This very interesting article in the New York Times tells us of a recurring pattern that is now becoming apparent. Jihadists often travel in pairs, and the pairs, it turns out, are often brothers. As the team of reporters for the New York Times tell us, the two brothers now identified as being at the heart of the attacks in Belgium, they are now confronting investigators and counterterrorism experts with a disturbingly recurrent question: Why do so many terrorist turn out to be brothers? That’s a very interesting question. The article goes on to say that these brothers join a list of brothers involved in,

“…nearly every major attack on Western soil has involved siblings, with three sets of Saudi brothers among the 19 hijackers who carried out the Sept. 11, 2001, attacks [in the United States]. Before then, the grim roster included 19th-century French anarchists, militants in Southeast Asia and the Jewish extremists who assassinated Prime Minister Yitzhak Rabin of Israel in 1995.

“For terror groups, brothers can be ideal recruits. They radicalize each other while reinforcing a sense of purpose and ideological calling. They keep watch on each other to ensure an attack is carried out. One new study suggests that up to 30 percent of members of terrorist groups share family ties.”

The article captures our attention when it goes on,

“Siblings also present a formidable challenge for law enforcement. They often live in the same house. They can communicate easily, without using cellphones that are vulnerable to surveillance. And the glue of family can often — though not always — serve as insurance against one member of a cell betraying the mission to the authorities.”

Explaining the rise of this particularly deadly version of a band of brothers, Audrey Kurth Cronin, an author and scholar at George Mason University said,

“Brothers would likely be exposed to similar radical messages, and they might well debate and brainstorm together about them. And if you can rely on a family member in your plotting, it’s probably less likely that they’ll go to the police. It’s a question of security and trust.”

Now this kind of story goes right back to the Scriptures where we understand that brothers can be forces for great good or brothers can be forces for great evil. And it’s not only siblings, of course, that can function in this way, but in the context of a family, siblings, given the power of their relationship, given the relationship between two brothers committed to a cause, as this article makes very clear, it turns out that siblings, that brothers in particular, have been involved in almost every major jihadist attack on the United States since September 11, 2001. J. M. Berger, a terrorism analyst and co-author of “ISIS: The State of Terror” explained,

“Violent extremism spreads through social contact, and for most people, siblings are a big and important part of their social environment. You may feel you can talk to a sibling about matters you can’t discuss with others.”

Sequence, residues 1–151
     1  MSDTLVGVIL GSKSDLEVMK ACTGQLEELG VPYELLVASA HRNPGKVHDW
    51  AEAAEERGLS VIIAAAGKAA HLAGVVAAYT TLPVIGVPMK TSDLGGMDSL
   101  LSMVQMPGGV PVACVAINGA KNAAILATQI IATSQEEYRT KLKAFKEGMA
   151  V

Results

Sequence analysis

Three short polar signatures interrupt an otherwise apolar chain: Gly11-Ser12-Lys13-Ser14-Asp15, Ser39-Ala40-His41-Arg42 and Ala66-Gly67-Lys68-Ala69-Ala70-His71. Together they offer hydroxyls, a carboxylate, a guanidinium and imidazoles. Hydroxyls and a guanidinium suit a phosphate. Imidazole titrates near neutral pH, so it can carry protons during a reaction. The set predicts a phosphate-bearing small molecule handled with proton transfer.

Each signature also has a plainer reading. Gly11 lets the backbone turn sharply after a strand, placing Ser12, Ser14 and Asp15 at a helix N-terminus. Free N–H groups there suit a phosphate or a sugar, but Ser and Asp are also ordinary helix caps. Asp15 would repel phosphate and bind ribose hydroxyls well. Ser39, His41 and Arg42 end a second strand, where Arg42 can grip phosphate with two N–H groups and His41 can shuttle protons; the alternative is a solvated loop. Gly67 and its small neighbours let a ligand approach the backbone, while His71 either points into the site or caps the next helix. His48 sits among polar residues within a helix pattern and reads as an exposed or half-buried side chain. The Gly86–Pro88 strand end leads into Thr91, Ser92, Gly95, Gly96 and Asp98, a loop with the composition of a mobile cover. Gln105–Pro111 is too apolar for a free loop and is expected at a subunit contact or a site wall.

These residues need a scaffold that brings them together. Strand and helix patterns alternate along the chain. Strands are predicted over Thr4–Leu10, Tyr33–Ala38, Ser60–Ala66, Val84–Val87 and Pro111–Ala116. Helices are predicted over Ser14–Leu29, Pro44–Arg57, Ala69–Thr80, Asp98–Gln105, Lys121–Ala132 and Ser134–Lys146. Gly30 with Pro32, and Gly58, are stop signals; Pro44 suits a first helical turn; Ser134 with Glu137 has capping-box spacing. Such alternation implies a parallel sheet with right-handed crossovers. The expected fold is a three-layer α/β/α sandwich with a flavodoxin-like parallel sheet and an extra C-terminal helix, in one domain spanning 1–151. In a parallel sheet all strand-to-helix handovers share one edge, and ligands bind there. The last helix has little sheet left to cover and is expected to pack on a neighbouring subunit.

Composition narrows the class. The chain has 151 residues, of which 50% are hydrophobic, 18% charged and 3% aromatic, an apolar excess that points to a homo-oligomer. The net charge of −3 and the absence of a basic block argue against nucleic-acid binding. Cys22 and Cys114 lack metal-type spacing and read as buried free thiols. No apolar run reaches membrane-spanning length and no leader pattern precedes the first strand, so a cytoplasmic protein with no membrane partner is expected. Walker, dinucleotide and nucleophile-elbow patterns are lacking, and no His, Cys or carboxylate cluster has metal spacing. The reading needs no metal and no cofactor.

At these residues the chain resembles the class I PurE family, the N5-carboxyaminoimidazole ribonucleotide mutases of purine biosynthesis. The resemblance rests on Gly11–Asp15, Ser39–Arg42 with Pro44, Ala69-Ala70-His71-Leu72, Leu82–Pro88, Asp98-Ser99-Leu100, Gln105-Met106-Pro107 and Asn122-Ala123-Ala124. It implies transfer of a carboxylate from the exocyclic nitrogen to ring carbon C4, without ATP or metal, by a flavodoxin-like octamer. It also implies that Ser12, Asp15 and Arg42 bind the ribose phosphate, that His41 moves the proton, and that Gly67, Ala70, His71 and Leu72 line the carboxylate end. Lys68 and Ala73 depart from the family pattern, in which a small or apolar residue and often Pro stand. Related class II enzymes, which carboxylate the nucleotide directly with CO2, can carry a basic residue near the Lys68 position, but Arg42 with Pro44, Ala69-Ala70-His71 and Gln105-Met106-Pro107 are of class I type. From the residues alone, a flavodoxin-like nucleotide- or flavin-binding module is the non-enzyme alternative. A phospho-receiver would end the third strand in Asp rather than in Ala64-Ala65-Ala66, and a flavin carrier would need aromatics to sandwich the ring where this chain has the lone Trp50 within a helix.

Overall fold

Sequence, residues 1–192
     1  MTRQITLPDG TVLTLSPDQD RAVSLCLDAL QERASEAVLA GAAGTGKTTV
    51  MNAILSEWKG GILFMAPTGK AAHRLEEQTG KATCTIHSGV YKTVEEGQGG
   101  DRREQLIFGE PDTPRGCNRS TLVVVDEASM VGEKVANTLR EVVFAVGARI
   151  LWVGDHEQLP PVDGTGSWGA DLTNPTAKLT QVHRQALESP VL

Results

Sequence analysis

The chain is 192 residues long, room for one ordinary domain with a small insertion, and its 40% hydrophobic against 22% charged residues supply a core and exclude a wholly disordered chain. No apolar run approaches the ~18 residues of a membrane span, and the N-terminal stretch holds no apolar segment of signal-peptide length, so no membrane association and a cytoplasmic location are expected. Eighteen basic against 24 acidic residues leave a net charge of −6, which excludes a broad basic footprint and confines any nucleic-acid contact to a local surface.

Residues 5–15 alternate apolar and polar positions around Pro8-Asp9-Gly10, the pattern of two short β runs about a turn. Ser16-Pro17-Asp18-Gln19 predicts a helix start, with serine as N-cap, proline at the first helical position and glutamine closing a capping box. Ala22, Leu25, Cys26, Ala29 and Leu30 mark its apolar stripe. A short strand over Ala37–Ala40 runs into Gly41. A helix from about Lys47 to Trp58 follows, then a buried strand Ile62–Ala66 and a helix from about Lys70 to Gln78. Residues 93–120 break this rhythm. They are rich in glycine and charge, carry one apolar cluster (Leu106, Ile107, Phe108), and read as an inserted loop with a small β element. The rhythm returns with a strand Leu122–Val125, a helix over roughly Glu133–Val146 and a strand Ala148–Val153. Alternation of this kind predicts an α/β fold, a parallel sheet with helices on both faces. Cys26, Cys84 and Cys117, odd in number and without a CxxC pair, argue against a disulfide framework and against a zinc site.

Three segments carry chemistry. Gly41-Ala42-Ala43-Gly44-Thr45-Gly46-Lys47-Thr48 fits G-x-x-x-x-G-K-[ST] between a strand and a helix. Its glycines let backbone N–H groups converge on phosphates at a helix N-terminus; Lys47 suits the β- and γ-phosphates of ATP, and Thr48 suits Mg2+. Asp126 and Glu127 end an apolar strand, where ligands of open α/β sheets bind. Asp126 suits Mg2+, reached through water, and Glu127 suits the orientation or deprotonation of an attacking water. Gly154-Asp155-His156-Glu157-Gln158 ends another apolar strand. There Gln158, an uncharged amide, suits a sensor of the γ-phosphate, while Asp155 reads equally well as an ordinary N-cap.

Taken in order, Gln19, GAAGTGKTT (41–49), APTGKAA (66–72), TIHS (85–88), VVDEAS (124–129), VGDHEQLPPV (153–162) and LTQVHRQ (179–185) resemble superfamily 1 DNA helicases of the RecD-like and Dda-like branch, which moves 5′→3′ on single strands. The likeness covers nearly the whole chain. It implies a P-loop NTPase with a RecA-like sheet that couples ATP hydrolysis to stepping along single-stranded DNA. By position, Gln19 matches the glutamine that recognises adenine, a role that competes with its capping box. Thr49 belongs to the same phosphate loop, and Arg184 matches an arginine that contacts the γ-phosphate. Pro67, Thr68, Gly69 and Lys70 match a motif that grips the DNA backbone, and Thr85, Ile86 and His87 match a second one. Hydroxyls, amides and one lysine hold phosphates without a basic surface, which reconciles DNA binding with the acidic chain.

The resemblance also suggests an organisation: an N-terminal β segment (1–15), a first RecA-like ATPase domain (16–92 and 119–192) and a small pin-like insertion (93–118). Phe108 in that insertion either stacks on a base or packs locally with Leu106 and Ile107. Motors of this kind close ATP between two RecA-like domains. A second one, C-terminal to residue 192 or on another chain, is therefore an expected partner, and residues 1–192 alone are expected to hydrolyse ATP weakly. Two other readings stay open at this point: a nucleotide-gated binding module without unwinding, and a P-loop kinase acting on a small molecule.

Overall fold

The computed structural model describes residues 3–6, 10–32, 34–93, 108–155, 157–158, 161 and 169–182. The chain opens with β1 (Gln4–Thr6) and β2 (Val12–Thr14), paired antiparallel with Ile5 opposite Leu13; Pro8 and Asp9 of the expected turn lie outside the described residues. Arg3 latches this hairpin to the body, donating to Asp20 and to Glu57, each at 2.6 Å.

Another expert, Mia Bloom, co-author of “All in the Family: A Primer on Terrorist Siblings,” cited scholarly research, according to the paper,

“…showing that as many as a third of the people terror groups send to carry out attacks came from the same family. Examples abound of jihadists marrying a sister or daughter to another jihadist family in order to build alliances.”

She said,

“These groups are always worried about infiltration. When a family member tried to join, it’s a great vetting mechanism. Then they know they can trust them.”

But there’s another very interesting twist to the story, because as it turns out, even as these brothers tend to be very involved together in jihad-ism they do not like to see each other die. And so jihadist organizations tend at the moment of the attack to send siblings to two different locations so that they are not restrained by love of brother from carrying out their deadly intentions. That also really tells us something. It tells us that even as brothers may be inclined to become radicalized together, they are still brothers. They may plot mayhem and murder, but they are still brothers and when it comes to actually carrying out their terrorist intentions, they do not want to see each other die.

As this article makes clear, this pattern of siblings being involved together in terrorism is not unique to Islamic terrorism, but it turns out to be a major feature of Islamic terrorism in the modern world. Shockingly so, as this front-page article in the New York Times makes clear, one of the things that becomes very apparent in this article is that this pattern has been of interest to law enforcement and intelligence officials for a long time. So much so that when two brothers are found to be in the very heart of the deadly attacks in Brussels last week, intelligence officials were not only not surprised, they were not surprised at all.